During REVES 8 some of the presentations were focused on revealing new health expectancy calculations for various nations made during the past 18 months since REVES 7 was held in Canberra, Australia. In general, for the developed nations there is evidence to suggest that during the decade of the 1980s, both life expectancy and healthy life expectancy increased at a faster pace than segments of the lifespan associated with frailty or disability. Some of the more important reasons given for these improvements were based on the hypothesis that recent cohorts of older persons are more highly educated than earlier cohorts examined, and that medical technology may be succeeding in reducing the frailty associated with selected diseases and disorders normally expressed at older ages. In developing nations the general picture of health expectancy was bleak -- with the data indicating without exception that recent cohorts of older persons in these nations have experienced declines in health expectancy. Problems associated with the delivery of health care, political problems affecting the availability of health care services, and a general focus on early age mortality at the expense of problems associated with aging, were the reasons given for these observed trends.
In addition to these new health expectancy calculations for selected nations, several researchers presented their latest work on recent advances in improving how health expectancy is measured. These included developments in the area of generating disease-specific approaches to measuring health expectancy, new methods of estimating health expectancy by socioeconomic status, and the first-time usage of micro-simulation techniques. Data were also presented on why the estimation of intrinsic mortality schedules may lead to a more complete understanding of temporal trends in life and health expectancy, and how the study of specific genes and the diseases associated with them may be useful in explaining observed characteristics of health and frailty in populations.
The plan at this time is to select 8-12 papers from among those presented and submit them to a journal for publication. Although the Journal of Aging and Health has expressed interest in devoting an entire issue to the papers presented at this meeting, the REVES steering committee is now considering alternative publication outlets. The steering committee also decided that the time has come to publish a new volume on health expectancy that will bring readers up-to-date on all of the developments associated with measuring, interpreting, and using health expectancy calculations. The purpose of this volume is an attempt at standardizing methods of analysis and avoiding the re-invention of concepts and statistical tools for measuring health expectancy by new scientists entering the field. It is our plan at this time to focus a portion of the REVES 9 meeting in Rome to the presentation of articles for this new comprehensive volume on health expectancy.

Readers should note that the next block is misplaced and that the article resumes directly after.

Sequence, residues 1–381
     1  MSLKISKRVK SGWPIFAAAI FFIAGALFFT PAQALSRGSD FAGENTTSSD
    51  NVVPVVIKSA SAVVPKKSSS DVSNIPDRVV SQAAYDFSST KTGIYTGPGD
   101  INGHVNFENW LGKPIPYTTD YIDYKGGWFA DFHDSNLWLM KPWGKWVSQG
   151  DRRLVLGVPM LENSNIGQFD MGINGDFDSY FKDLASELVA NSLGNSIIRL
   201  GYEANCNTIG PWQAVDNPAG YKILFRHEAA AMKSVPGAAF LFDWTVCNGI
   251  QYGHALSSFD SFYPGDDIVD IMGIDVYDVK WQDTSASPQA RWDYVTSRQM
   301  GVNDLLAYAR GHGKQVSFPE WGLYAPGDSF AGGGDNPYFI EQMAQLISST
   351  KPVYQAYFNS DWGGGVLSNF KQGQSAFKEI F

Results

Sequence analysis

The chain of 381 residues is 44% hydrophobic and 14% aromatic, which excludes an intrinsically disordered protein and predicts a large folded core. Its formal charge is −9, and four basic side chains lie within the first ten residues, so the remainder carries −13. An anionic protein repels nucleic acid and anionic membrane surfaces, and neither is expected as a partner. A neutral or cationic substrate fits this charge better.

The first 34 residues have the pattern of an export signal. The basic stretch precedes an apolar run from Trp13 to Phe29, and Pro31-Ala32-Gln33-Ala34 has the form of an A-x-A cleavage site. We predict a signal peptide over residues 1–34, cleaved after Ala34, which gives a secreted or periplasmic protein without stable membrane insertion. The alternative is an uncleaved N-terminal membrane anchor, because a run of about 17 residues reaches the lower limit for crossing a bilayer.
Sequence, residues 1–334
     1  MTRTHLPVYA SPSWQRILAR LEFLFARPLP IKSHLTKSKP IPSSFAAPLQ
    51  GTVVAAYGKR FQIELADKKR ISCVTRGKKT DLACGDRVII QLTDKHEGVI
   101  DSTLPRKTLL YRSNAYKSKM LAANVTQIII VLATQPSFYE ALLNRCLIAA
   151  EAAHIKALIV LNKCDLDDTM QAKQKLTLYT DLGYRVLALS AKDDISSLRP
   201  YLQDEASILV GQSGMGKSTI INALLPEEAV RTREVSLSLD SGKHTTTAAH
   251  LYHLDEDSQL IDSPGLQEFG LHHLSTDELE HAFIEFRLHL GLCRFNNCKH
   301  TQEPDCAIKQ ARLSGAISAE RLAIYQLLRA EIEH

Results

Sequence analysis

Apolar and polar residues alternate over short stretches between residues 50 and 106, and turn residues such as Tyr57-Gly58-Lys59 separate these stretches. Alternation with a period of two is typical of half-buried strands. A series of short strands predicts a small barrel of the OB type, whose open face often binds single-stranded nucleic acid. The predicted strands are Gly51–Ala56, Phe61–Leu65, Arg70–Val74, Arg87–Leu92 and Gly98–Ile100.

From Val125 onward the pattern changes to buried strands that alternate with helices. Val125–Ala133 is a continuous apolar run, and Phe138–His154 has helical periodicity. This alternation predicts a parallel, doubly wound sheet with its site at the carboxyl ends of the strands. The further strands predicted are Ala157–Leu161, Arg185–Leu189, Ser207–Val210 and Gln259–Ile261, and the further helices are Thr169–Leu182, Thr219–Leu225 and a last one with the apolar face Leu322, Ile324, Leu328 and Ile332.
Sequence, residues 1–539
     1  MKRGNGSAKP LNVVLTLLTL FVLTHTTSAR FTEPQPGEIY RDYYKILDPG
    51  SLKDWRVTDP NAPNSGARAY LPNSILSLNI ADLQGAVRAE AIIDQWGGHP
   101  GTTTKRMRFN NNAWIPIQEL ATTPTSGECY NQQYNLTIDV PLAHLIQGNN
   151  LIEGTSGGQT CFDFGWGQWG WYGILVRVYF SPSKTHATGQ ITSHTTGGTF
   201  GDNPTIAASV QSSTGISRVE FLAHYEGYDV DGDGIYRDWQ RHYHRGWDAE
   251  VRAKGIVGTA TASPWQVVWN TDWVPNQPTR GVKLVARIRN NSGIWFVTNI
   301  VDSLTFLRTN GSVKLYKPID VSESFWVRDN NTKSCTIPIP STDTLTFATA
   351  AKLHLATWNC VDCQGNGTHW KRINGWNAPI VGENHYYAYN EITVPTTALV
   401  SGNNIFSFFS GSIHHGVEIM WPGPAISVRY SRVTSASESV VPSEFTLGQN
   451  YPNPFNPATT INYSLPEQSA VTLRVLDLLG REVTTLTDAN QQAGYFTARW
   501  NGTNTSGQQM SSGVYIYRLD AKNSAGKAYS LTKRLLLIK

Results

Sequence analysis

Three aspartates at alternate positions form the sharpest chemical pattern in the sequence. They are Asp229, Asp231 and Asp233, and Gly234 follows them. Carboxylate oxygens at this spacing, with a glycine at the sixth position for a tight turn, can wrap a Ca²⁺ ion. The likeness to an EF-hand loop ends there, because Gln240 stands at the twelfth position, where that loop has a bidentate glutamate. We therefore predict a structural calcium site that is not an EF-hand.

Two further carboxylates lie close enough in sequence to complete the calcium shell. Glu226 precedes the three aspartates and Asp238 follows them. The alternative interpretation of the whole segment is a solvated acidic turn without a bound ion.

The REVES 8 conference was successful in bringing together scientists from many nations involved in the scientific analysis of issues associated with the increasing human longevity. The network of researchers working in this field was extended considerably by our ability to provide funding to scientists who would have otherwise been unable to attend the conference. Funding provided by the National Institute on Aging and the Center on Aging at the University of Chicago made it possible to hold a truly international meeting on this important issue of how the health of the population will be affected by increasing longevity. Both organizations will be gratefully acknowledged in any publications that result from this meeting.
Adams, O., Chamie, M. 1992. Future Uses of Health Expectancy Indices: General Report of the 5th Meeting of the International Network on Health Expectancy, Ottawa, February, 1992. REVES Paper No. 115.
OECD, 1973. List of Social Concerns Common to Most OECD Countries. Paris.
Sullivan, D.F. 1971. A Single Index of Mortality and Morbidity. HSMHA Health Reports 86:347-354.
U.S. Department of Health, Education and Welfare. 1969. "Towards a Social Report." Washington, D.C.: U.S. Government Printing Office.
World Health Organization, 1974. Modern Management Methods and the Organization of Health Services. Public Health Papers, p.55.
World Health Organization, 1980. International Classification of Impairments, Disabilities, and Handicaps: A Manual of Classification Relating to the Consequences of Disease. World Health Organization: Geneva.
World Health Organization, 1984. The Uses of Epidemiology in the Study of the Elderly: Reports of the WHO Scientific Group on the Epidemiology of Aging. Technical Report Series No. 706, Geneva.
World Health Organization, 1985. Targets for Health for All. In: Targets in Support of the European Regional Strategy for Health for All. Copenhagen.